Symposium overview: Genetic polymorphisms in DNA repair and cancer risk

J. J. Hu, H. W. Mohrenweiser, D. A. Bell, S. A. Leadon, M. S. Miller

Research output: Contribution to journalArticlepeer-review

75 Scopus citations


A symposium, Genetic Polymorphisms in DNA Repair and Cancer Risk, was presented at the 40th Annual Meeting of the Society of Toxicology, held in San Francisco, California, in March 2001. A brief report of the symposium was published (Kaiser, Science 292, 837-838, 2001). Molecular epidemiological studies have shown that polymorphic variants of genes involved in the metabolism and repair of carcinogens can act as cancer susceptibility genes. These variants of drug metabolic and DNA-repair enzymes either increase the activation of chemical carcinogens or decrease the cells' ability to detoxify/repair mutagenic damages. Although on an individual basis these variant alleles may only slightly change catalytic activity and increase cancer risk, their polymorphic frequency in the human population may contribute to a high proportion of cancer cases. Studies conducted over the past few years have identified variant alleles for a number of DNA-repair genes, some of which have been shown to change DNA-repair capacity. Identifying these genotypic alterations in DNA-repair enzymes and their association with cancer may help to elucidate the mechanisms of cancer etiology and to predict both disease risk and response to cancer therapy, since most antineoplastic treatments mediate their effects through DNA damage.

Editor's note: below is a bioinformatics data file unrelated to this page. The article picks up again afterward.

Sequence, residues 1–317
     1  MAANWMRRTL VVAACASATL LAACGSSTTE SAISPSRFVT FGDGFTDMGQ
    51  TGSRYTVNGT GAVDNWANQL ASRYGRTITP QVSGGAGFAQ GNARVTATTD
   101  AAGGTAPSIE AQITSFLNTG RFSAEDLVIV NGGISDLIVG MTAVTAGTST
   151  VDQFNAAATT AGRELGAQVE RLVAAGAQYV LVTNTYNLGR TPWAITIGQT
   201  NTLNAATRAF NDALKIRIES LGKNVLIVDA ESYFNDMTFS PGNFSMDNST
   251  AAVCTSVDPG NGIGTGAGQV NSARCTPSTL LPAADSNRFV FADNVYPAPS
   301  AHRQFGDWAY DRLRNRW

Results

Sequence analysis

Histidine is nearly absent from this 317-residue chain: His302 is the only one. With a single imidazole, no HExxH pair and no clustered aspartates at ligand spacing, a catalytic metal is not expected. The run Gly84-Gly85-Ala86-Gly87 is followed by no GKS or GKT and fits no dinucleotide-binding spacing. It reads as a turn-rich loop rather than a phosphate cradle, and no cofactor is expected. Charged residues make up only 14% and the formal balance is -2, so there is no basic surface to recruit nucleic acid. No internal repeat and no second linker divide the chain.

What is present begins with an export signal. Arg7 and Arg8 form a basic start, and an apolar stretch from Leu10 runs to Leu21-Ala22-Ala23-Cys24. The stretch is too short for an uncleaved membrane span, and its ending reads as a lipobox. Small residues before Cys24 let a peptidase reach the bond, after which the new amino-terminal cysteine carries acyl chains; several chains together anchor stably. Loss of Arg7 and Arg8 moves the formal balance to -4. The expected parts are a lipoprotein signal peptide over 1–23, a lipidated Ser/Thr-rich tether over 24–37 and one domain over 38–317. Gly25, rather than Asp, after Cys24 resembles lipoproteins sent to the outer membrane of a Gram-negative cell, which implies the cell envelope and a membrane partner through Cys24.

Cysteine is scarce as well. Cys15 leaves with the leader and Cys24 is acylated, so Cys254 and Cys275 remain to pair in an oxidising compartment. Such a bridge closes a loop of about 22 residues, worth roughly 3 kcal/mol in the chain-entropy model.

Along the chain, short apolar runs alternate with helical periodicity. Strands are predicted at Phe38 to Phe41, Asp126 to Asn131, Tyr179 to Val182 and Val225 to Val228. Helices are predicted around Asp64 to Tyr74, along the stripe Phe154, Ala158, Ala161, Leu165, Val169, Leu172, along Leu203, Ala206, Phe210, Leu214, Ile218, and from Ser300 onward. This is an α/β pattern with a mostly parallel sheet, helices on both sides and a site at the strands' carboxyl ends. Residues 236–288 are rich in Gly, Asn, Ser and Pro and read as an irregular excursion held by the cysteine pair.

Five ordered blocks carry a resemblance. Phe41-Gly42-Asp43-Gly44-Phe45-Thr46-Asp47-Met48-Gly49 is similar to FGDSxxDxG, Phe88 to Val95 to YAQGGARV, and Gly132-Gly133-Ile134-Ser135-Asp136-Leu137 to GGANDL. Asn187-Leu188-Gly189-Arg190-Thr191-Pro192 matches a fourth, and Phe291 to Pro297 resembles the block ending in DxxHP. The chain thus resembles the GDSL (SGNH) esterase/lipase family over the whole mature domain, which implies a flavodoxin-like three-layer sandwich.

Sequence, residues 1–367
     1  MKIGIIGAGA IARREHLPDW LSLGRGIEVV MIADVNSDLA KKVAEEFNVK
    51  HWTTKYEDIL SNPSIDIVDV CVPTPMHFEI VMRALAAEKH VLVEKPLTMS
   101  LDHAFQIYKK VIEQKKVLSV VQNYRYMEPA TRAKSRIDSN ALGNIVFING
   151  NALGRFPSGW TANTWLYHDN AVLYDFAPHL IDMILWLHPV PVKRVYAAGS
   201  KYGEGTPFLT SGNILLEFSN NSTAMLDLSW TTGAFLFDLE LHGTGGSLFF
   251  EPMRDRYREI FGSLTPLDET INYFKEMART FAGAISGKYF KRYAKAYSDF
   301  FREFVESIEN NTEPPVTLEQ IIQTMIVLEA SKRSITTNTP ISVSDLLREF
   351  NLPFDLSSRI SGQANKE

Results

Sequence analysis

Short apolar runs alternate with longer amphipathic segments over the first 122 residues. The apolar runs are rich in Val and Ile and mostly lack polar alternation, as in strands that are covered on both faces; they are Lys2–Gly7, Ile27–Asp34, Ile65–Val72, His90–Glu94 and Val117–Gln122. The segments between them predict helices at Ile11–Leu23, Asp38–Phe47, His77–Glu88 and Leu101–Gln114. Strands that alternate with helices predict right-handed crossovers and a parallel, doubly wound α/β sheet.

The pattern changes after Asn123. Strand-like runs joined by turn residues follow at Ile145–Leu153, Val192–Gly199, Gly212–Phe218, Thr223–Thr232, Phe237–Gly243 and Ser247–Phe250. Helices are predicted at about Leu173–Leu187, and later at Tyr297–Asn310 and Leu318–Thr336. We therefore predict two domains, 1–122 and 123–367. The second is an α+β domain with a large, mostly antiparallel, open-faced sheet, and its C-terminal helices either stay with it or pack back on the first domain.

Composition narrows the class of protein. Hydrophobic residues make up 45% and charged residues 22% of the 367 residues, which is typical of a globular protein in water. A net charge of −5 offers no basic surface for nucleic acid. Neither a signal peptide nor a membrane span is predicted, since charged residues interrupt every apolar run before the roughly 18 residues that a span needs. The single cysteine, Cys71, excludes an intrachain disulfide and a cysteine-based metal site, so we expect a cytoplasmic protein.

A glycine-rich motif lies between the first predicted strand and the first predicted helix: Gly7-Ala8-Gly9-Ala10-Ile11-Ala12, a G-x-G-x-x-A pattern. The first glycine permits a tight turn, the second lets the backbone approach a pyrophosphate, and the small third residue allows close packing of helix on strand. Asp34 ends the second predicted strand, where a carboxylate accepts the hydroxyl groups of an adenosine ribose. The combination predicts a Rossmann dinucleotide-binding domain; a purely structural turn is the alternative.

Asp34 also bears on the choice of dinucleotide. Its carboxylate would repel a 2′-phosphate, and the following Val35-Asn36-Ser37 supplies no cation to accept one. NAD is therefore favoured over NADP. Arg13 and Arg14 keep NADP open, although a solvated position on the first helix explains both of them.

Original languageEnglish (US)
Pages (from-to)64-73
Number of pages10
JournalToxicology and Applied Pharmacology
Issue number1
StatePublished - Jan 1 2002
Externally publishedYes


  • Cancer risk
  • DNA repair
  • SNPs

ASJC Scopus subject areas

  • Pharmacology
  • Toxicology


Dive into the research topics of 'Symposium overview: Genetic polymorphisms in DNA repair and cancer risk'. Together they form a unique fingerprint.

Cite this